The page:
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Every single person on this planet matters right now. We are beat down and exhausted. We are tired of fighting and tired of grinding. Getting clear about where you need to spend your energy is essential right now. You are needed, and we need you well. You have a say where you spend your energy and how you fill yourself up. This is the time to slow way down and be very particular about where you are spending your energy. This is the time to push your voice into all the places you've allowed to stay vacant of you. This is the time to harness your gifts and share them widely. It's the time for generosity. The time for resiliency. The time to see that it's up to us and that we are capable. It's the time to see that love is fierce and mighty and will do what unprocessed pain cannot. It's the time to tend to our hurt. Yes, it's always the time to make space to tend to our hurt. This tending to is a non-negotiable because it gives us access to our wisdom. As we clear our hurt and tend to our wounds we make space to see a path forward. This is the time for you to use your voice. It's the time to allow your heart to open. It's the time to stand firmly or to stand shaking until your roots grow. It's the time to stop waiting for perfect. The time to do what you haven't done. The time to give more than you've ever given. It's up to you because it's up to all of us. It's time. Now. From today’s newsletter. Link in profile to sign up. It goes out every Monday.

A post shared by Michelle D'Avella (@pushingbeauty) on

Your Garden: Self-Care Strategies for Fear part 2

This is part 2 in an ongoing series on Self-Care Strategies for Fear. 

You can find part 1 here.

Thank you to everyone who’s reached out to share your fears and how they’re affecting you. This is deep, scary work, and doing it with others can add a bit of comfort and grounding to the process. Keep reaching out!

Ok, are you ready for part 2? This piece is short, but sets the stage for the work we’re going to do over the next few weeks. Let’s dive in!

Cognitive Behavioral Self-Care Strategies for Fear

Garden, sunflowers, cabin, mountains, fog, Switzerland. Tag: cognitive behavioral self-care strategies

Photo by Miguel Cortes

Your Garden

Imagine your insides as a garden. I know it’s weird, but humor me. We want to create a visual representation of your inner world, so that you can more easily attend to it.

Thrilling view of sunflowers. Tag: cognitive behavioral self-care strategies

Photo by www.krstojevtic.com

Your garden lies within the fenced confines of a yard that is your very own. This outdoor space can look however you choose: it may have a beautifully manicured grape arbor, trellised veggies, rows of flowers, pea gravel and statues, or a wide expanse of lawn. This space is yours, and only you decide how it is maintained.

Soil + Seeds: Thoughts

Dirty hands cupping brown soil.Tag: cognitive behavioral self-care strategies

Photo by Gabriel Jimenez

 

Within your garden, your mind is the soil – the rich, fertile, nourishing medium that cultivates life.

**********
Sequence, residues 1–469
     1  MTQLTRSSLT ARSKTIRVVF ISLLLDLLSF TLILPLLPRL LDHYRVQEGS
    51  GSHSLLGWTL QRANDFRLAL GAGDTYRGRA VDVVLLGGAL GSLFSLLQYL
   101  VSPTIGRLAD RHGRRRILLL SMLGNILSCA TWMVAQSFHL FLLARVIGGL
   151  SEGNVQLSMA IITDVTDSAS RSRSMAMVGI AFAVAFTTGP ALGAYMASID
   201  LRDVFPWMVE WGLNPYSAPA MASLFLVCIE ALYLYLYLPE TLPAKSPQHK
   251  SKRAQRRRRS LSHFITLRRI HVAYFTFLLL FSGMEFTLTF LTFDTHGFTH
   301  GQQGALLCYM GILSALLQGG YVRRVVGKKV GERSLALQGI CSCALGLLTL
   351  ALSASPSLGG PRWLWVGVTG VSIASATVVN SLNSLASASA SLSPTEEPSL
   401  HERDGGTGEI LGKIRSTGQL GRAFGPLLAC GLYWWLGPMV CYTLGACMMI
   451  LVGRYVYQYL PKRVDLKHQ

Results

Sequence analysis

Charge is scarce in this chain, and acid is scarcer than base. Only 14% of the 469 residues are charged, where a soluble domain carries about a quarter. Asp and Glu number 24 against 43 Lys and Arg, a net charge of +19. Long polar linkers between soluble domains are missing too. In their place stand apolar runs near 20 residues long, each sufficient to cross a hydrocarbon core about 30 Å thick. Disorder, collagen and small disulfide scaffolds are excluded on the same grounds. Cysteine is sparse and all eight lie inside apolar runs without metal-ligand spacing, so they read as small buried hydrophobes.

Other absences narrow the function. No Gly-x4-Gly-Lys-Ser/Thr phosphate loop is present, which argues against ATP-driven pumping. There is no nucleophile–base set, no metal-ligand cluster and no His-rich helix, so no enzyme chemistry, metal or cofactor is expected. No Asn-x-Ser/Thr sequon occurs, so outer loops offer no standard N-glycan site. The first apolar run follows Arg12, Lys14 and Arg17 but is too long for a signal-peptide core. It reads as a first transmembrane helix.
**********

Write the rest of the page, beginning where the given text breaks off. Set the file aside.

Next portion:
Your thoughts are the seeds carried through on the wind – some tumbling away and out of your garden, some finding a hold in the ground of your mind. Some of these seeds you grab, sow in the ground on purpose, water, and tend to – these are your beliefs.

 

 

 

Buds, Blooms, and Thorns: Emotions

pink flower in a green field with grass Tag: cognitive behavioral self-care strategies

Photo by Stella de Smit

Your emotions spring forth based on how situations and circumstances interact with your thoughts and beliefs. Emotions are a byproduct of our circumstances filtered through our beliefs.

These emotions are like the buds, blooms, and thorns of those seeds you planted in the ground. The emotions themselves are worthy of holding space for and feeling, but they also serve a purpose. They are like flag posts signaling to us that there’s a thought operating below the surface. 

When an emotion feels uncomfortable – like sadness, jealousy, fear, and anger often do – we can ask ourselves: 

What thought is driving this feeling?

 

 The Fruit: Behavior

The last feature of our garden that we’ll look at today is behavior. 

Behavior – what you say and do or have the urge to do – is like the fruit of the plants in your garden. Our thoughts stimulate our emotions, which in turn drive us to act.

little red strawberry on brown wood table ALT TEXT: Tag: cognitive behavioral self-care strategies

Photo by Erwan Hesry

The more mindfully aware we are of the thoughts we’re planting and tending, and the emotions and sensations we’re experiencing, the better chance we have for our actions to be aligned with our values and intentions. On the other hand, if we’re not conscious of our thoughts and beliefs and haven’t chosen them intentionally, we may end up acting in ways that we regret.

Resources for supporting yourself as you get to know your garden

Image: tan background with a light tan sliver of a moon. Text: morganharpernichols. Listen. Listen to the way your heart beats and has continued to beat through the wild of all you have been through proving that there is still much more to you, and you survived much more than you ever thought you would be able to. mhn. Tag: cognitive behavioral self-care strategies.

@morganharpernichols on instagram

 

  1. Self-Care Quickie: Brain Integration | Self-Care Strategies for Interpreters
  2. This is not business as usual | Self-Care Strategies for Interpreting During a Pandemic  
  3. Exploring your inner continent | Kristen Kalp
  4. Caring for Ourselves in Community | RID VIEWS Self-Care Column
  5. Step Into the Clearing | Morgan Harper Nichols

Baby-Step: Reflection

This week, spend some time with your journal and explore the features of your own garden.

garden with flowers, green plants, green vegetables in a raised bed Tag: cognitive behavioral self-care strategies

Photo by Markus Spiske

Prompts to get you started:

Do you tend to be more aware of your thoughts, emotions + physical sensations, or actions? What helps you notice them?

Once you’ve identified your dominant feature, you can go forward or backward around the triangle to learn more about the others: